weak bladder

  • 3 Replies
  • 2954 Views

0 Members and 1 Guest are viewing this topic.

*

paul.fr

  • Guest
weak bladder
« on: 23/03/2007 22:48:45 »
in the cold weather no matter how little i drink, it seems to go straight through me -with interest- and in no time i need to visit the little boys room.

what is it about cold weather and the need to wee more often?

*

another_someone

  • Guest
weak bladder
« Reply #1 on: 23/03/2007 23:34:33 »
Three things that I would speculate upon:

1) reduced perspiration.
2) increased metabolic rate creating more waste product in order to generate more heat.
3) increased blood thickening in order to decrease freezing point, thus requiring the expulsion of more water to thicken the blood.

*

Offline Bored chemist

  • Neilep Level Member
  • ******
  • 8865
    • View Profile
weak bladder
« Reply #2 on: 24/03/2007 15:30:24 »
I think the blood vessels near the skin shrink down in cold weather to reduce heat loss. There's less spacce in them for the blood and the easiest way to make room is to lose the water.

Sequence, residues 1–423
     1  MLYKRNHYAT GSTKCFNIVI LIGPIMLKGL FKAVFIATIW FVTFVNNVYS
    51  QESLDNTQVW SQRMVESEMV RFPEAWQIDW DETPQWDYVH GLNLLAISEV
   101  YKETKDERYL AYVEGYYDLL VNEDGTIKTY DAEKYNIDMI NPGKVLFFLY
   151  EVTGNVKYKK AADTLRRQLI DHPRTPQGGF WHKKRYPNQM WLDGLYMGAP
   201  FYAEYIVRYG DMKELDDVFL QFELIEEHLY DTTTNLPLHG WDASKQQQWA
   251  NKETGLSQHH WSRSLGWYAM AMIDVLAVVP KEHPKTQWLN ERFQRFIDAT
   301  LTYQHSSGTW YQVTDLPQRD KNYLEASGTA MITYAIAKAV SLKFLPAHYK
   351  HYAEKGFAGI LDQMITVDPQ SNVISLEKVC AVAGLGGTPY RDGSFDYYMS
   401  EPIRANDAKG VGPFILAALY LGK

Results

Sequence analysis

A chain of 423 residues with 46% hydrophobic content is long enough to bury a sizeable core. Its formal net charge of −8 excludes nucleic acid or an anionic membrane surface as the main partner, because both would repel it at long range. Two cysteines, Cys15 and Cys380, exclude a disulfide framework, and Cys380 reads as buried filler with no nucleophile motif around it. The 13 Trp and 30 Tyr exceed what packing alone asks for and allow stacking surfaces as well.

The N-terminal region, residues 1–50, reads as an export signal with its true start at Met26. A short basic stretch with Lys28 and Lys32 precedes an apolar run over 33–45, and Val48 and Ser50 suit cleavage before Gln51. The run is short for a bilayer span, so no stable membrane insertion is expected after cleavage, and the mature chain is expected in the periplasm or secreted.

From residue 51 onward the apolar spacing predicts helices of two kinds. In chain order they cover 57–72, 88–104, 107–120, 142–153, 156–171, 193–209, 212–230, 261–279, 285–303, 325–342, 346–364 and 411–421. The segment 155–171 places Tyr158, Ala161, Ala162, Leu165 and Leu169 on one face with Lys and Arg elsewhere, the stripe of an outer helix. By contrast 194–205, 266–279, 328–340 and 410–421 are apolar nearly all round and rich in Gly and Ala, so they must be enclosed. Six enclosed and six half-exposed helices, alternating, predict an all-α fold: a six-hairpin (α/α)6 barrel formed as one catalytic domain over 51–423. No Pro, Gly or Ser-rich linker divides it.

Please disregard all previous signatures.

*

ROBERT

  • Guest
weak bladder
« Reply #3 on: 27/03/2007 16:13:04 »
Quote
Why does cold weather cause frequency
of micturition in some elderly people?
Dr D KOHN and Dr EDITH FLATAU (Department
of Internal Medicine B, Central Emek
Hospital, Afula, Israel) write: Concerning the
question, "Why does cold weather cause
frequency of micturition in some elderly
people?" and your answer (12 July, p 120),
may we add another cause? Most old people
have rigid drinking habits and in cold weather
they excrete more water as their loss through
the skin and breathing diminishes.
Dr P E JACKSON (Stamford and Rutland
Hospital, Stamford, Lincs PE9 IUA) writes:
With reference to the question, "Why does
cold weather cause frequency of micturition in
some elderly people ?" (12 July, p 120), may
I make this observation ? Surely cold weather
causes polyuria and thus increased frequency
of micturition in everyone because we lose less
fluid through sweating.

http://www.pubmedcentral.nih.gov/picrender.fcgi?artid=1714278&blobtype=pdf